The Best of Everything (Jean Negulesco 1959)
Amazed nobody has yet mentioned this. One of the very last of the the "three girls setting out to make it" pictures (a sub genre of both the musical and the melodrama) which more or less begins with some deft precoders by Mervyn Leroy, Three on a Match and Gold Diggers of 1933 and ends in ignominous camp with Valley of the Dolls in 1967. By which time such primal feminist issues as a woman's roles and freedom were supposedly getting sorted out. They still aren't.
Best has been overlooked by far too many people either as pulp trash, or worse as late Negulesco after his slide into meaningless Fox 'Scope mediocrity. The verdict is still out for me on How to Marry a Millionaire and Three Coins in the Fountain - they both have their defenders. But the neglect of Best is indefensible.
I really recommend the Fox R1 disc. This is a beautiful transfer of Deluxe Scope (quite possibly from a Techni print - the color is far more saturatedf than, say, Daddy Long Legs or the two Tashlins) with a terrific perspecta four channel soundtrack. You know it's a few cuts away from routine with the Johny Mathis bittersweet theme song which Negulesco plays off against increasingly rapid montage of milling crowds of women arriving for work.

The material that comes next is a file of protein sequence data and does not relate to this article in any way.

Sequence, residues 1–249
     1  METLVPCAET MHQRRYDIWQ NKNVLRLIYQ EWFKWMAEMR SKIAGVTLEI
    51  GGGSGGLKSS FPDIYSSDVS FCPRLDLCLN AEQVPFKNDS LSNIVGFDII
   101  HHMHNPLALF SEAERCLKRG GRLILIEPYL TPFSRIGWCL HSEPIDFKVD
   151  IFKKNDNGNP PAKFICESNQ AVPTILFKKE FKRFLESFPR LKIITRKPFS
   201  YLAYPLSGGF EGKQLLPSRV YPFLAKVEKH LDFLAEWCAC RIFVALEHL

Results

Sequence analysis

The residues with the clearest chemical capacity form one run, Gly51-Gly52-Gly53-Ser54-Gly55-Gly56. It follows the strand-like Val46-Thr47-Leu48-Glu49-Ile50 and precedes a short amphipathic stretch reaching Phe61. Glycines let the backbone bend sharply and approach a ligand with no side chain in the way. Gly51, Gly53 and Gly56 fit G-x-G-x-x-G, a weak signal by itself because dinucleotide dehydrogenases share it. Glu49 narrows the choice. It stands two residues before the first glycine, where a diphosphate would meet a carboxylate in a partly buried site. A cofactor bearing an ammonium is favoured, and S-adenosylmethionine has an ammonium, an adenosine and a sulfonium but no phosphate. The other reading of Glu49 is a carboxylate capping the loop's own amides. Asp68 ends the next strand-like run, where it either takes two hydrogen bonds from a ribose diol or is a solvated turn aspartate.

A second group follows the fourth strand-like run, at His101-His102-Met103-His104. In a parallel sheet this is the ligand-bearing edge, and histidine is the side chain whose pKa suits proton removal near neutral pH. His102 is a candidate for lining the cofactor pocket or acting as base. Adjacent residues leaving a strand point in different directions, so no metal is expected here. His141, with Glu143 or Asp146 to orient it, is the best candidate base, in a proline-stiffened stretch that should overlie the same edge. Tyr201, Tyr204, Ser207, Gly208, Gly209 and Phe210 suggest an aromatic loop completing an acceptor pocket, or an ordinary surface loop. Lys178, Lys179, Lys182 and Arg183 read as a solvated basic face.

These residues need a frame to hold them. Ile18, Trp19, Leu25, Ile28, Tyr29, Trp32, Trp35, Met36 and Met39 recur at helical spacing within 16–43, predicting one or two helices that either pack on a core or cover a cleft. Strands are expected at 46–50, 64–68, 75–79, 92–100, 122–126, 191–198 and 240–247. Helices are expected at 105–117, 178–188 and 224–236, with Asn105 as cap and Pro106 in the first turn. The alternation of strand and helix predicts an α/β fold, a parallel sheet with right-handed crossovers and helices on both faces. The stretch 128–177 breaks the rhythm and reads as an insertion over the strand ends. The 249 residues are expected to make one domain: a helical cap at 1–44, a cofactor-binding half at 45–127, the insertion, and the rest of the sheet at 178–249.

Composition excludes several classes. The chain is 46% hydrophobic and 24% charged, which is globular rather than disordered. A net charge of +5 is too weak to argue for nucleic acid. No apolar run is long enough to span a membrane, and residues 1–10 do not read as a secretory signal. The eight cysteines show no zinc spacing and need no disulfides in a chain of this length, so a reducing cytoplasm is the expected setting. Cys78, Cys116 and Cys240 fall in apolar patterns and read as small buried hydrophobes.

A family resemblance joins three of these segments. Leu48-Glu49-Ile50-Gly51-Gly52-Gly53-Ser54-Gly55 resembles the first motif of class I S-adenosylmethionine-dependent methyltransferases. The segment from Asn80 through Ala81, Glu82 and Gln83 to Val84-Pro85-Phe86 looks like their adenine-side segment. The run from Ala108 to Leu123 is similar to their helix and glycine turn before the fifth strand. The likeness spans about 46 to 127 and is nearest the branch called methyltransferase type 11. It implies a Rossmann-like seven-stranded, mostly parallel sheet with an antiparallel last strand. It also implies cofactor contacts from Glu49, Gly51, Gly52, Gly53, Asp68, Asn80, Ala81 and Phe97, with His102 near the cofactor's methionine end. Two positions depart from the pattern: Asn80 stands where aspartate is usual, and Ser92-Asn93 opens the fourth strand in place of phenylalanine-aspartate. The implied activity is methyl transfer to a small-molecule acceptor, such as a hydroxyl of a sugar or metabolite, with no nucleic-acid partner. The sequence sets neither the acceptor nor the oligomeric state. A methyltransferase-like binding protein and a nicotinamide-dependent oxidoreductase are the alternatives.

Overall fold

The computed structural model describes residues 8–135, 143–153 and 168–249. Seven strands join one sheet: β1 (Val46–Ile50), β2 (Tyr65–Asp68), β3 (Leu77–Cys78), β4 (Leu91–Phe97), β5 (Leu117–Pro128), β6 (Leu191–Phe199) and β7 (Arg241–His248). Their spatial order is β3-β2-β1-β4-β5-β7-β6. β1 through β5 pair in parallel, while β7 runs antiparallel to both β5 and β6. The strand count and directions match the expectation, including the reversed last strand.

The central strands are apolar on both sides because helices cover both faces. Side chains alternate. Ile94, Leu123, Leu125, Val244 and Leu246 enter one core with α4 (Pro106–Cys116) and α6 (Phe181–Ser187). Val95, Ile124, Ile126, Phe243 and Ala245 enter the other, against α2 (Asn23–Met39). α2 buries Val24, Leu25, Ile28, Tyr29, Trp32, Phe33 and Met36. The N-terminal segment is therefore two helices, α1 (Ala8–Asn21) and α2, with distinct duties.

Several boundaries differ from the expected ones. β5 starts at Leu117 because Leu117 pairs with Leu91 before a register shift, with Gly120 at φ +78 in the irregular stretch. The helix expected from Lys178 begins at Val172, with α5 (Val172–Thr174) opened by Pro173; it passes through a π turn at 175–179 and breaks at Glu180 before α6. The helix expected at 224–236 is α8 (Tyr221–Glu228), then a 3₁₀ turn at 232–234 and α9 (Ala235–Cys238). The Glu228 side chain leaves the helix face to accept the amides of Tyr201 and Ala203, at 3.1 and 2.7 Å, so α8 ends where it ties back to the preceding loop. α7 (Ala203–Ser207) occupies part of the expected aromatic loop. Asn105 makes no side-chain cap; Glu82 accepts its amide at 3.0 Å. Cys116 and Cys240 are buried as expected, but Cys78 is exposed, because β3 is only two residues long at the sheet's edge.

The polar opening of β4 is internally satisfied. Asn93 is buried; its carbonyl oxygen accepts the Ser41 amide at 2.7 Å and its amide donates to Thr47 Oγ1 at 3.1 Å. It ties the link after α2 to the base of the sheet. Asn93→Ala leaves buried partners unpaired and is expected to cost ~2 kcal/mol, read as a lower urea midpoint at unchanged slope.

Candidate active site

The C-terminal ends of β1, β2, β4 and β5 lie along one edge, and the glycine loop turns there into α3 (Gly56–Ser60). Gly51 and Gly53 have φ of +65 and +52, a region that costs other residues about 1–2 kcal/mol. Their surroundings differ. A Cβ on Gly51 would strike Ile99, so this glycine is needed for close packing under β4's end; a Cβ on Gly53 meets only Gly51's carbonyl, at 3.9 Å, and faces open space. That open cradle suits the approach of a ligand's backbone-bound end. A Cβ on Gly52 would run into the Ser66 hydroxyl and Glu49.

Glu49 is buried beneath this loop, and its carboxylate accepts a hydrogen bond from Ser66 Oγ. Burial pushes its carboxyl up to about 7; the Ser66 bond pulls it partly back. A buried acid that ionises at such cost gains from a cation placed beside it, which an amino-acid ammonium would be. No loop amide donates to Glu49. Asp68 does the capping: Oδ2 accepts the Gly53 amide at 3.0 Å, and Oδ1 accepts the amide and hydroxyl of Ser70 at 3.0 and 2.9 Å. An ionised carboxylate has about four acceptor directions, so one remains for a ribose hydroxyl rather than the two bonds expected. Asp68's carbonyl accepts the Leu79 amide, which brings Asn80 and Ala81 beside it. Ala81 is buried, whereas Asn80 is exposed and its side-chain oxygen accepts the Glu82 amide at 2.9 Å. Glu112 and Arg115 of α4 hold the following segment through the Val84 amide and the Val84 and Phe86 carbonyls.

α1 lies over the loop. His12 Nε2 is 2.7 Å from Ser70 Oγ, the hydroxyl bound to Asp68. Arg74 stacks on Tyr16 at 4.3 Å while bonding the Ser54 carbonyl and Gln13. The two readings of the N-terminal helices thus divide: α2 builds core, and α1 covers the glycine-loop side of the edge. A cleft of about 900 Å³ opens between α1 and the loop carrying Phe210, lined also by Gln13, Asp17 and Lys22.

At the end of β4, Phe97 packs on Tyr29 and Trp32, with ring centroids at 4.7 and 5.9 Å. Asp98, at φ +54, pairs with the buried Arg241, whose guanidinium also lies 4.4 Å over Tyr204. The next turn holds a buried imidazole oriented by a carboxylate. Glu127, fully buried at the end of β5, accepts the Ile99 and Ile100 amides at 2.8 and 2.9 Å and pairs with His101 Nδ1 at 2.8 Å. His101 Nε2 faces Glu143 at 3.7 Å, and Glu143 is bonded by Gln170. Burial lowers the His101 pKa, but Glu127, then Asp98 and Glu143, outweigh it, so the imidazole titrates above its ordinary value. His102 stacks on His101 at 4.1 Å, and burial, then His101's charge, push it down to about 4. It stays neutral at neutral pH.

The three leads are Hope Lange, a very young Diane Baker and Suzy Parker - a magnbificent red haired beauty whose first movie part is a couple of bits from the "Think Pink" number in Funny Face - to which this movie owes quite a bit. Rona Jaffe, the author of the novel which Jerry Wald optioned before it was published is on hand for commentary and is unsparing about office and sexual politics. She's a blast.
There's a lot to love here, not least Negulesco's fabulous staging of sets - the office is a mockup of one from the Seagram Building location which is punctuated horizontally by Mondiran-like colored doors and panels. The apartments of the older "professionals", like Joan Crawford and particularly Louis Jourdan are unbelievable. Both dressed with great blocks of deep acid color, and artworks (many by Negulesco) giving physical expressions to the owners' personalities. Tight screenplay, terrific direction of the women and wonderful performances from all. As one fo the very last melodramas in the great Hollywood tradition I think Negulesco has managed to easily bridge the gap between the old star power treatment and studio shooting, with location and gritty actuality, despite the contemporary censorship constraints (on the abortion aspect for example.) His taste and discrimination in design, and his subtle direction of performance and dialogue is clearly on a par with the earlier Warner period including Humoresque, Three Strangers and Mask of Dimitrios.
This easily makes my fifties list.